The buccal cytome and micronucleus frequency is substantially altered in Down’s syndrome and normal ageing compared to young healthy controls
Thomas, P, Harvey, S, Gruner, T & Fenech, M 2008, 'The buccal cytome and micronucleus frequency is substantially altered in Down's syndrome and normal ageing compared to young healthy controls', Mutation Research/Fundamental and Molecular Mechanisms of Mutagenesis, vol. 638, no. 1-2, pp. 37-47.
Publisher's version of article available at http://dx.doi.org/10.1016/j.mrfmmm.2007.08.012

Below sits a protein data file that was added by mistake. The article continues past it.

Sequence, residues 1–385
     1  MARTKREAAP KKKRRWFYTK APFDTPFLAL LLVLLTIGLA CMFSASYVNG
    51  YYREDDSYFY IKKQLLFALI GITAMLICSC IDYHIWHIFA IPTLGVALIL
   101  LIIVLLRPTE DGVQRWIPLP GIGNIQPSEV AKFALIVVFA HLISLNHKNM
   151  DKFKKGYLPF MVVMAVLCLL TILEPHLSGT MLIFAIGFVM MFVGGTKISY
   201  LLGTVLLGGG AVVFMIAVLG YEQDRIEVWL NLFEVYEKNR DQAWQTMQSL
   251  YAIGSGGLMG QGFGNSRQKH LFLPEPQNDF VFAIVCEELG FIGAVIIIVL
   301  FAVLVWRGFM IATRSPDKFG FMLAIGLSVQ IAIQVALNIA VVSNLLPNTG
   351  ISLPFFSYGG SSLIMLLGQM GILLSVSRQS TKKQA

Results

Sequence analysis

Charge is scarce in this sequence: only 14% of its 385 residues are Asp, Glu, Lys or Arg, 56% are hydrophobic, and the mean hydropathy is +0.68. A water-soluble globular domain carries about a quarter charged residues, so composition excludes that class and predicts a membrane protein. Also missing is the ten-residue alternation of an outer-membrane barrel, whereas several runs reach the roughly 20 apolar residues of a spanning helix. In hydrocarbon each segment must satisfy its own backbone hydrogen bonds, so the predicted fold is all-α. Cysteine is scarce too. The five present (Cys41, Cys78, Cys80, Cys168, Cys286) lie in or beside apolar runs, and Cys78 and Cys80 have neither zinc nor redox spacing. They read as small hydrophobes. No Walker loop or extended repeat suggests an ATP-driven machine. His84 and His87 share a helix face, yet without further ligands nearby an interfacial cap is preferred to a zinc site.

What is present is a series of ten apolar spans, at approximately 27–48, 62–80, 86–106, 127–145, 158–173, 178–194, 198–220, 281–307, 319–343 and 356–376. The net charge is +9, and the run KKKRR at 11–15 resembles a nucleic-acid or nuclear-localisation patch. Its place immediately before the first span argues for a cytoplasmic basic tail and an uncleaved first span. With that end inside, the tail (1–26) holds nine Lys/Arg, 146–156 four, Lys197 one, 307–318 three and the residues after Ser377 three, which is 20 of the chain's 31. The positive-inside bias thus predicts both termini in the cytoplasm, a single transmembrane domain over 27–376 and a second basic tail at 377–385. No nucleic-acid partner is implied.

The buccal micronucleus cytome assay was used to investigate biomarkers for DNA damage, cell death and basal cell frequency in buccal cells of healthy young, healthy old and young Down's syndrome cohorts. With normal ageing a significant increase in cells with micronuclei (P < 0.05, average increase +366%), karyorrhectic cells (P < 0.001, average increase +439%), condensed chromatin cells (P < 0.01, average increase +45.8%) and basal cells (P < 0.001, average increase +233%) is reported relative to young controls. In Down's syndrome we report a significant increase in cells with micronuclei (P < 0.001, average increase +733%) and binucleated cells (P < 0.001, average increase +84.5%) and a significant decrease in condensed chromatin cells (P < 0.01, average decrease −52%), karyolytic cells (P < 0.001, average decrease −51.8%) and pyknotic cells (P < 0.001, average decrease −75.0%) relative to young controls. These changes show distinct differences between the cytome profile of normal ageing relative to that for a premature ageing syndrome, and highlight the diagnostic value of the cytome approach for measuring the profile of cells with DNA damage, cell death and proportion of cells with proliferative potential (i.e., basal cells). Significant correlations amongst cell death biomarkers observed in this study were used to propose a new model of the inter-relationship of cell types scored within the buccal micronucleus cytome assay. This study validates the use of a cytome approach to investigate DNA damage, cell death and cell proliferation in buccal cells with ageing.